Cooling Challenges For The Bloodhound SSC’s Engine
With 1,000 liters of High Test Peroxide onboard to power its rocket engine, the 1,000-mph, 2014 Bloodhound SSC could become a bomb if temperatures within its tightly packed fuselage get too high. Each liter of HTP has roughly the same explosive force as a stick of dynamite when it starts to decompose at 40°C (just 104°F). That means cooling the system is not only hugely important, but also massively challenging, when you consider that ambient temperatures routinely hit 100°F at the Hakseen Pan in South Africa where the Bloodhound SSC’s initial trials will begin. The fact that the supercharged Jaguar V-8 — which pumps 900 liters of HTP to the engine in just 20 seconds — is situated right next to the HTP tank further complicates matters. Oh, and temperatures inside the hybrid rocket engine will hit 3,000°C.
To solve the heat problems, Bloodhound SSC engineers have sourced some innovative insulating coatings from a company called Zircotec. The Jaguar exhaust has been coated with a substance called Thermohold, which is plasma sprayed on to surfaces at twice the speed of sound (Did they hear a bunch of tiny sonic booms?), and reduces surface temperatures by 30 percent.
In the past, most land-speed-record car bodies have been made of steel or aluminum instead of carbon fiber, which melts at much lower temperatures, but that’s not the case with Bloodhound SSC. To prevent both its jet and rocket engine from turning it into a steaming puddle of plastic, its carbon body panels have been coated with Thermohold for Composites, which is sprayed on at 10,000°C (about 18,000°F) in a way that doesn’t damage the panels and lowers temperatures by about 100°C (over 200°F). Zircotec has also supplied special heat shields, called Zircoflex, which are flexible, adhesive panels just 0.3 mm thick and can withstand temperatures up to 500°C.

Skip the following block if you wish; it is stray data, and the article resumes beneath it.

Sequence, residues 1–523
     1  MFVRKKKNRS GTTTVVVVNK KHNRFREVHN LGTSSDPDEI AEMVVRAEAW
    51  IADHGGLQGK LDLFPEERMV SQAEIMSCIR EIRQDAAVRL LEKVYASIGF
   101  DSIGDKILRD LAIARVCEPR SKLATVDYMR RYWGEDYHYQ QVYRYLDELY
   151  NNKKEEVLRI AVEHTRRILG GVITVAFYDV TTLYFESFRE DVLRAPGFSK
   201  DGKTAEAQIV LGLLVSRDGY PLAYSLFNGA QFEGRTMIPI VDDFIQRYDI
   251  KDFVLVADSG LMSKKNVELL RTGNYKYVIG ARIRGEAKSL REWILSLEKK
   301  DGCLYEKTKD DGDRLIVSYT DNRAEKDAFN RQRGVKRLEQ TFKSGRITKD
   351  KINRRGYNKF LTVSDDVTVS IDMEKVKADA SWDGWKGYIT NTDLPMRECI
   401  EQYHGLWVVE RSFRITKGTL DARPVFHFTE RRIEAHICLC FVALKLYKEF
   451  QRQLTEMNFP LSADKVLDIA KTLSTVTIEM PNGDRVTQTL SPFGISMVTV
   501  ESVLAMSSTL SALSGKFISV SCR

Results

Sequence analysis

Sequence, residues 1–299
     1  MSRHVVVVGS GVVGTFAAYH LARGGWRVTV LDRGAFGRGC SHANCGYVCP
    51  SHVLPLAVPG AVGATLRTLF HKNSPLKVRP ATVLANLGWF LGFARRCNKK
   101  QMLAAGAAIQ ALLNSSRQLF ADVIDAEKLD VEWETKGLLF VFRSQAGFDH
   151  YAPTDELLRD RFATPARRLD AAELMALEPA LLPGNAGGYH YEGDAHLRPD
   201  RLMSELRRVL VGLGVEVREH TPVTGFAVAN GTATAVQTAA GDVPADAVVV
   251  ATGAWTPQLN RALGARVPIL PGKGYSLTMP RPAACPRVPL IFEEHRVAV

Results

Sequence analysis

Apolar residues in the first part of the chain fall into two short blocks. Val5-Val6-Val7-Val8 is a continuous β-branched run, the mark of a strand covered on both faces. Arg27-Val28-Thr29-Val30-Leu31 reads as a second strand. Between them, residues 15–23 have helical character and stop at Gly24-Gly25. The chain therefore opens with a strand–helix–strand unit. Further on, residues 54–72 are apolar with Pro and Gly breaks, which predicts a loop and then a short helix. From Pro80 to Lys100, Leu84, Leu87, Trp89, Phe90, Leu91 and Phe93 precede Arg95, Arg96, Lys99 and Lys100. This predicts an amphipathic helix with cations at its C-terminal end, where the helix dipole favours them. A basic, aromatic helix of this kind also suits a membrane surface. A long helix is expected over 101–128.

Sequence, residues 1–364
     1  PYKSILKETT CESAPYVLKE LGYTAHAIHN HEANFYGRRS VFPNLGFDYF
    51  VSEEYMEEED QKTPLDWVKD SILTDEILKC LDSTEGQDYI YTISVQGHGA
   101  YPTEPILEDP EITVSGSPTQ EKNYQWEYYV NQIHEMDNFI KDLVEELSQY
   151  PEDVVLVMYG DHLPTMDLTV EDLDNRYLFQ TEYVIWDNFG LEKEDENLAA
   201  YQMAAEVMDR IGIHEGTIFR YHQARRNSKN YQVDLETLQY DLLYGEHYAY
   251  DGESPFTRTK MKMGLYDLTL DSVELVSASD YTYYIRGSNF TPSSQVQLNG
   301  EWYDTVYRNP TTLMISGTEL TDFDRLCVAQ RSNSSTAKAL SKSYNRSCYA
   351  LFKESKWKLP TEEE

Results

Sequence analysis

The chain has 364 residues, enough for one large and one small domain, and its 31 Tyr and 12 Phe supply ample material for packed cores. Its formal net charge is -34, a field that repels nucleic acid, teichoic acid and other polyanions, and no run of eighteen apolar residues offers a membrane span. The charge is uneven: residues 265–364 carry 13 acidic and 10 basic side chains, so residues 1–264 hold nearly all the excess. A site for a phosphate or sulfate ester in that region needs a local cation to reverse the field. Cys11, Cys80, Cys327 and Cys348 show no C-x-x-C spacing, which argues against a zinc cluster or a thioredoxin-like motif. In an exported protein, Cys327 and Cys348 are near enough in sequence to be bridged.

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Why it matters
The numbers and forces that will be at work within Bloodhound SSC are truly amazing. Between its EJ 200 jet engine and hybrid rocket engine, it will produce 135,000 horsepower. It should only take 55 seconds to get to 1,000 mph, at which point it will be pushing against 20 tons of drag. If you fired it straight into the air, it would go 25,000 ft. into the atmosphere, and its aluminum wheels have to withstand 50,000 Gs at their rims.
Initial construction is expected to wrap up later this year in Bristol, England, after which current land-speed record-holder and former Royal Air Force pilot, Andy Green, will begin putting it through its paces in South Africa. Speeds will gradually ramp up from there, with the final 1,000 mph run slated for sometime in 2017.
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